Local doctors: Chances of AFM extremely low, despite rising number of cases

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"Most of the cases continue to occur in children", according to its website.

The long-term effects of the disease are also unknown.

Kate Fowlie, a spokeswoman for the CDC, said in an email that many states are voluntarily reporting their data on the disease and that "many parents are coming forward to tell their stories".

The CDC has received more than 120 reports of patients under investigation for the illness this year and confirmed at least 62 cases. Outbreaks are most common from August to October, and over 90 percent of the cases have involved children under 18 years old, with the average age of those inflicted standing at just 4 years old.

Enterovirus D68 has been linked to some of the human cases of the disease, and although it is not the only cause, it has clearly been a driving force behind the three recent outbreaks, says Kevin Messacar, an infectious disease physician and researcher at Children's Hospital Colorado.

The experts emphasized that even though AFM is regularly passing through the United States, it remains a rare illness. Certain viruses that can cause AFM or similar neurologic conditions include polio, West Nile, and adenoviruses. It's only a small handful of children who progress to the muscle weakness associated with AFM.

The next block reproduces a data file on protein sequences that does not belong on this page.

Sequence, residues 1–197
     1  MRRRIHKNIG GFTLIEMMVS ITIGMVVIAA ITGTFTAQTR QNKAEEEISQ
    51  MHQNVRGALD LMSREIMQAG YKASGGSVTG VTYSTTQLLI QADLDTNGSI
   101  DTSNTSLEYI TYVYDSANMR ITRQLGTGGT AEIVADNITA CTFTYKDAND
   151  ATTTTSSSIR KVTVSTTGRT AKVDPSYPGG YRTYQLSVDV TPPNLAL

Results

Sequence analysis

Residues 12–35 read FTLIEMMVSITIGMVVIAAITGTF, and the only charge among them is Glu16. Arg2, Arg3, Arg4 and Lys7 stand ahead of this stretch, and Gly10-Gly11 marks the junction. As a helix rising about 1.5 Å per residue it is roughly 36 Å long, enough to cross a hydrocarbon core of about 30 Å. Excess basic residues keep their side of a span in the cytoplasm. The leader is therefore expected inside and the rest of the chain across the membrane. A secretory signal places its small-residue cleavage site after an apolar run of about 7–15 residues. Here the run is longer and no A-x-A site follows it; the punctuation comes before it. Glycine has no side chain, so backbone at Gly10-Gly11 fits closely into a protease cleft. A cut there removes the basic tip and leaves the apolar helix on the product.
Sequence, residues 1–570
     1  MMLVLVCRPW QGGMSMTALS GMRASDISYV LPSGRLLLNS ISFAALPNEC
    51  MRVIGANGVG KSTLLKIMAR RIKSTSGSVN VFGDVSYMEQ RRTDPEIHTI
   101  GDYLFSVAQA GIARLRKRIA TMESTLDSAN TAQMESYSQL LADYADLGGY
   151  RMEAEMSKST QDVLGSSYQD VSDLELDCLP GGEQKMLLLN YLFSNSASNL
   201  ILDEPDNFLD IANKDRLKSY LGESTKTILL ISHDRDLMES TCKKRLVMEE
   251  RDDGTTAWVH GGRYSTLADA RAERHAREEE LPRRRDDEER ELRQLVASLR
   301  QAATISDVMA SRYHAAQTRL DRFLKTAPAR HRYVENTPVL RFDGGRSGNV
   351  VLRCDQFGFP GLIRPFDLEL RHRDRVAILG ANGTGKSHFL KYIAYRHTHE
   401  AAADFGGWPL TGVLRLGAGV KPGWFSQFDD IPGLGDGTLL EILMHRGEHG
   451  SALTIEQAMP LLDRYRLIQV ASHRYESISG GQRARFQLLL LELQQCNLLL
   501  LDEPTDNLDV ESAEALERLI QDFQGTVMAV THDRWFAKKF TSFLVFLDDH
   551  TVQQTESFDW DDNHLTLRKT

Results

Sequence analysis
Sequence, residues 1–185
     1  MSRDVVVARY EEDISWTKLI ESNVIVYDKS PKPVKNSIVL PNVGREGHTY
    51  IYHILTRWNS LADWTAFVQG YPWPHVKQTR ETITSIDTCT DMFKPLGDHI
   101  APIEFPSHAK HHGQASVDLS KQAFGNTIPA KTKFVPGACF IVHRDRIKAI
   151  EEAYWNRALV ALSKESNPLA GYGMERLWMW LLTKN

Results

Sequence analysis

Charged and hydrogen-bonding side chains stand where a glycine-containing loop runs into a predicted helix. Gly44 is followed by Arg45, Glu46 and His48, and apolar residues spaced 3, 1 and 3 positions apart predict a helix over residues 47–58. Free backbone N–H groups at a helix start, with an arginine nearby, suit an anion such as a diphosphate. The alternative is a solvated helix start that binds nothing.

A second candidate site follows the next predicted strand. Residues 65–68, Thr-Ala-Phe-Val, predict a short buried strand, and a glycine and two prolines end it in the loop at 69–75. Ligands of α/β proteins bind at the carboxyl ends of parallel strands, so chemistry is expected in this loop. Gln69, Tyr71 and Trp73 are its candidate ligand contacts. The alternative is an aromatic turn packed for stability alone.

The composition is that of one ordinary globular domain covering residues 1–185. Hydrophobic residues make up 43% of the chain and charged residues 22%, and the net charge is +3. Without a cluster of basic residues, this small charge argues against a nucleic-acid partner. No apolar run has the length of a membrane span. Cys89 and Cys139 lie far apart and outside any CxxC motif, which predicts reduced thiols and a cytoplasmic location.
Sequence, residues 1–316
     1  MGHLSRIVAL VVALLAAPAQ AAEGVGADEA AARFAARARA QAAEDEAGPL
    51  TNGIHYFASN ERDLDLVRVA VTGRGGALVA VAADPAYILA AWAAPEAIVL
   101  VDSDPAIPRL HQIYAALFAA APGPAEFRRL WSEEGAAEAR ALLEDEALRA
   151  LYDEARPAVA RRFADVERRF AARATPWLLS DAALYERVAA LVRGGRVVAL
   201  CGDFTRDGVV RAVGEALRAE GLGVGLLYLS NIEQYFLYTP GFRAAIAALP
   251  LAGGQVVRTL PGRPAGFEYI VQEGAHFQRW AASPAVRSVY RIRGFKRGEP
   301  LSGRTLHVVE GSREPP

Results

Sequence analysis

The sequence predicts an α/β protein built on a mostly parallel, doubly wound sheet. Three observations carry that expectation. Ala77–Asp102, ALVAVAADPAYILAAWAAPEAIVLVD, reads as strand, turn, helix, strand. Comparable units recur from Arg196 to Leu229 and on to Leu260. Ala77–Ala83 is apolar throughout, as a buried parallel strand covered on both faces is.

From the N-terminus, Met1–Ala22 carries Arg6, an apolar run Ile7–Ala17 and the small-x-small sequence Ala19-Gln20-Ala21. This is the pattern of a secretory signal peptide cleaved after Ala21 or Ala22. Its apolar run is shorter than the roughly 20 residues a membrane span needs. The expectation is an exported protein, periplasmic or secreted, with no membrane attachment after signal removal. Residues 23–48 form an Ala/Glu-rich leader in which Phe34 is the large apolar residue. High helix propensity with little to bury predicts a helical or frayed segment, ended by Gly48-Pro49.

Geography also does not appear to be a factor, with the confirmed cases spread across 22 of the 50 USA states.

The CDC has tested many different specimens from patients with this condition for a wide variety of pathogens, or germs, that can cause AFM.

"This is truly a mystery disease", Messonnier told CBS News. The highest number of cases took place in 2016, when 149 were reported cases in 39 states.

It's possible that some milder cases haven't been reported by doctors to their state health department or to the CDC, but Messonnier said she believes the number of such cases would be small, NPR reported.

"What we have been told is that he's the best case scenario of a hard situation", she said.

Parents should contact their health care provider as soon as possible if they see any symptom of AFM in their child - for example, if their child is not using his arm. He can hit them with an electric shock akin to touching a vehicle battery, he says, but they do not move.

The CDC does not know what the cause of the virus is yet.

"What is alarming and frightening is they suddenly develop weakness, and typically it's in an arm or leg. and it comes out of the blue.and that weakness comes and often times it's persists", Dr. Sanjay Gupta said. Parents who want to protect their children should encourage the same sort of good hygiene that protects kids against cold and flu, such as washing their hands frequently and covering coughs or sneezes, Dominguez said. In particular, the condition can cause weakness in the arms and legs along with loss of muscle tone and problems with reflexes.

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